The FitzOsbornes at Warby Published 09 Oct 2012
|The FitzOsbornes at War.pdf|
|Publisher||Knopf Books for Young Readers|
Michelle Cooper completes her heart-stealing epic drama of history and romance with The FitzOsbornes at War.
Sophie FitzOsborne and the royal family of Montmaray escaped their remote island home when the Nazis attacked. But as war breaks out in England and around the world, nowhere is safe. Sophie fills her journal with tales of a life during wartime. Blackouts and the Blitz. Dancing in nightclubs with soliders on leave. And endlessly waiting for news of her brother Toby, whose plane was shot down over enemy territory.
But even as bombs rain down on London, hope springs up, and love blooms for this most endearing princess. And when the Allies begin to drive their way across Europe, the FitzOsbornes take heart—maybe, just maybe, there will be a way to liberate Montmaray as well.
The FitzOsbornes at War Reviews
****NO SPOILERS BECAUSE THERE ARE ENOUGH REVIEWS WITH THAT ALREADY SO NO WORRIES ON THAT FRONT.
Solid 4.5 stars.
Okay,onto the review now. So if you are reading this book/looking into reading this book/deciding whether or not you want to read this book that someone has reccomended to you, then you have obviously read book one and book two and have fallen in love with Sophie and her family and friends, yes? No? Okay, first go read a brief history of montmaray and then the fitzosbornes in exile and then come back here to read this exciting and satisfying final conclusion to the previous novels.
Because that is what this book is. A conclusion. And yes, things happen. People die, people live, people fall in love, people fall out of love and some is easier to take then others and some is harder but if you love Sophie FitzOsborne, if you adore her, if you think they should build a statue of her in the park for all to see, if you wished Montmaray was real so you could go visit and walk the rocky land Sophie grew up on, if you even once tried attempting your own coded launguage, then this book (and previous novels) are for you. Honestly. This book is long, it's epic and it spans all the years of war. You will laugh, you will cry, you will clutch your chest in shock. But all in all, you will close the last page glad you had a chance to meet Sophie and her eccentric group of family and friends. And honestly, there is no better way I can rec a book, rec a series then that. Also, taken from the author's website, Sophie's motto for pretty much the entire series.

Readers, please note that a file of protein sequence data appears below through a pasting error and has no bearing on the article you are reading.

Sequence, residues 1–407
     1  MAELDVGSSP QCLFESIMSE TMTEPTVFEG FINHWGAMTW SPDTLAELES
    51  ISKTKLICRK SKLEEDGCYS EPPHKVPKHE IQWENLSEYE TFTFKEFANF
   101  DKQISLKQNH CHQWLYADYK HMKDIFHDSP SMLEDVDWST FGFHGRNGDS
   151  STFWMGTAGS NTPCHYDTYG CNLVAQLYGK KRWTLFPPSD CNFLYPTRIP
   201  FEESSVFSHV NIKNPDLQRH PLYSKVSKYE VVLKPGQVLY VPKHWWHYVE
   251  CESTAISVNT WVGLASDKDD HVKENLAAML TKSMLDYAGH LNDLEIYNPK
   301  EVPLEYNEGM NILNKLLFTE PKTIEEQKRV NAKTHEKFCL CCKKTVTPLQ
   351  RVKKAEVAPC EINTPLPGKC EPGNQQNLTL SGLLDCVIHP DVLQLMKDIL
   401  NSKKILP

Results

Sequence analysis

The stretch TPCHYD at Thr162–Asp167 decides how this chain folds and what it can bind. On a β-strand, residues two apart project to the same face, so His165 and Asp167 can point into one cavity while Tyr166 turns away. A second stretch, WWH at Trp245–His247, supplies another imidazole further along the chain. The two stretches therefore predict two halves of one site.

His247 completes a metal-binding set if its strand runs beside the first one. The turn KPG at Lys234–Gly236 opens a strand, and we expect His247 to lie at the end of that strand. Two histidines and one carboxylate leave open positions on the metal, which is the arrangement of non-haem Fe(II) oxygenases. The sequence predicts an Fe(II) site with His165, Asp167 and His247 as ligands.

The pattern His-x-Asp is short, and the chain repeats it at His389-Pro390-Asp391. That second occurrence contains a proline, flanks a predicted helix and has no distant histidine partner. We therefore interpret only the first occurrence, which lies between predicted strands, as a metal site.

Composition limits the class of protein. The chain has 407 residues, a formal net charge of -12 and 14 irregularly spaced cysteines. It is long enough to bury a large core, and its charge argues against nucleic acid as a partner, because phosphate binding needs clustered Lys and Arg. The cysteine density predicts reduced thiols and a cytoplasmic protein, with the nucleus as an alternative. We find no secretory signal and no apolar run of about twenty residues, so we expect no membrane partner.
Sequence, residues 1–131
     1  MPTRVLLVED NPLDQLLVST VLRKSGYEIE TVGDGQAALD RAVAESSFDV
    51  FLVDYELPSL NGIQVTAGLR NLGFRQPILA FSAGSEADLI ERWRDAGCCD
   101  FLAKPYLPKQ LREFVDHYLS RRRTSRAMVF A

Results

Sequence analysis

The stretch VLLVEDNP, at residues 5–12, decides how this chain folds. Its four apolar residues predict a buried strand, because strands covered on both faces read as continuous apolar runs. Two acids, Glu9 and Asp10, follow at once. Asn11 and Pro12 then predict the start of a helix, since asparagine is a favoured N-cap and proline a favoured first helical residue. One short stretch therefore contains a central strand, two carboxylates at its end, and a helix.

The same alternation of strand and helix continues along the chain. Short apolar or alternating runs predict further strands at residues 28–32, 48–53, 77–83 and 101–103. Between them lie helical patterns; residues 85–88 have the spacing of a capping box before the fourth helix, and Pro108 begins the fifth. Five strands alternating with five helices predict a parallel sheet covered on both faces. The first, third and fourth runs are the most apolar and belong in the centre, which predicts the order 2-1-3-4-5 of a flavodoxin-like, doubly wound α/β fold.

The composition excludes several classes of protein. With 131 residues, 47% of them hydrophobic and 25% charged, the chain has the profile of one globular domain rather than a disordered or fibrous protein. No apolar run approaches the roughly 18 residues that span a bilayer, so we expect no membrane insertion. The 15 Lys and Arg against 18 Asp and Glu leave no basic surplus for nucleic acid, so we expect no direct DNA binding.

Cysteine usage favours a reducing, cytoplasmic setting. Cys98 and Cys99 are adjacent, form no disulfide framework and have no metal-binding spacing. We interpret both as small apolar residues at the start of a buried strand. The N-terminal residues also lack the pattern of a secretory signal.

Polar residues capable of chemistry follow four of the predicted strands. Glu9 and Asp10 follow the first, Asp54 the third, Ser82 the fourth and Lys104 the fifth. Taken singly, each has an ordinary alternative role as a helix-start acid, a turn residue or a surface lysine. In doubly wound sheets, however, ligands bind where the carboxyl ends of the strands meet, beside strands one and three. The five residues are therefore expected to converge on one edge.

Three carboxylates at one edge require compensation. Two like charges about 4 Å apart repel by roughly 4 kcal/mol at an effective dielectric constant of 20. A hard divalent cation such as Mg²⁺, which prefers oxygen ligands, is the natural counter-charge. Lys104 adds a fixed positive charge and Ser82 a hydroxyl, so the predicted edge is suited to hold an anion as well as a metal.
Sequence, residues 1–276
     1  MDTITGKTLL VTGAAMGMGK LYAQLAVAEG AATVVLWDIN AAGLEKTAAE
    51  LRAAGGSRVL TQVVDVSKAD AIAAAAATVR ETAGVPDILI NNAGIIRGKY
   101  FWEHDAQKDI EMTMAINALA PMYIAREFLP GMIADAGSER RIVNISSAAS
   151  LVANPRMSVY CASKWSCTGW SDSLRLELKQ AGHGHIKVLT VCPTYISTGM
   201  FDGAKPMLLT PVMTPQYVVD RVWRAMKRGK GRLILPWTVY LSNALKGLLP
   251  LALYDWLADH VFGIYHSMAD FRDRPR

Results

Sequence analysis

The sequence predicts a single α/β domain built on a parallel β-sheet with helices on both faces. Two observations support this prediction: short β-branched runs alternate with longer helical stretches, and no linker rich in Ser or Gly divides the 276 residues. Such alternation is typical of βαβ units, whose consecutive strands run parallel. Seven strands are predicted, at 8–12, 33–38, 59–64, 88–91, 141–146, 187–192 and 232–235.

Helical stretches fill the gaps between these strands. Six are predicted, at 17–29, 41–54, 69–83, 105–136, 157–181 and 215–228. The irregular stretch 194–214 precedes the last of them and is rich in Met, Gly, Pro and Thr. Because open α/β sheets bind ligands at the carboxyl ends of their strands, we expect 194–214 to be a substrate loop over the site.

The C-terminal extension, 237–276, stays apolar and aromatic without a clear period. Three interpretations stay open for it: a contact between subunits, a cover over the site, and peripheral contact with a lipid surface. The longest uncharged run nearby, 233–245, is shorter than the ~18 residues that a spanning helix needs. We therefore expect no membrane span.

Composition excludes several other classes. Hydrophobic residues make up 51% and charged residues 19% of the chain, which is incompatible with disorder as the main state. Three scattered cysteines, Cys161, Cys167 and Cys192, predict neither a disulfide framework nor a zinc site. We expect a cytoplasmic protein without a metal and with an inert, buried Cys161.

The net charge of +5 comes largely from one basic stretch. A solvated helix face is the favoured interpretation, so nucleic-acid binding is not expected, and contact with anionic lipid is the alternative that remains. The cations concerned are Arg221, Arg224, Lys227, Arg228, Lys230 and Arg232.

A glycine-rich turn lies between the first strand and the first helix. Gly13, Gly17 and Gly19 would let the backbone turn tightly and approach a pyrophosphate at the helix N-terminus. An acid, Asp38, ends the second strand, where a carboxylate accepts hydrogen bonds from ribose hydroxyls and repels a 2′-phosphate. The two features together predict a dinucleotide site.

♥ ♥ ♥ ♥ ♥ I see lots of re-reads of this series in my future. ♥ ♥ ♥
A Quick Rundown of Random Feelings:
A) I think the first person really becomes a problem in this book, because a lot of the things I wanted to know kind of get unresolved. Especially in regards to Toby/Simon. We just get some kind of rush, threesome marriage implications and that is supposed to be that. I just wanted some kind of closure, I don't feel like I got it?
B) Also, I really enjoyed the build-up of Rupert/Sophie in FitzOsbornes in Exile, but boy did the scene where they eventually come together feel forced. Like, I had to re-read it twice because I was unsure where the hell it came from. It was honestly just SUDDENLY, RUPERT IS HERE AND I LOVE HIM!!! The potential romance was so understated and sweet in its build-up, that I was hoping its culmination would at least make sense.
C) The way the book tried to shoehorn the necessary tragedy in with Henry's death, felt really false to me. It was like Cooper knew that they all couldn't have the ridiculous happy endings the book gave them, so you know, kill the youngest one.
D) Generally, I feel like the book was trying to do too much, and fit such a big time frame in that it was weakened overall. Weirdly, like Downton Abbey season 2, it seems like that the desperate need to fit the ENTIRE war in really hampered the characterization and plot.
E) I still liked it, but after LOVING "Exile", this was definitely a huge disappointment. There were things to love, but not as much as I previously did. Shame, really.
December 12, 2013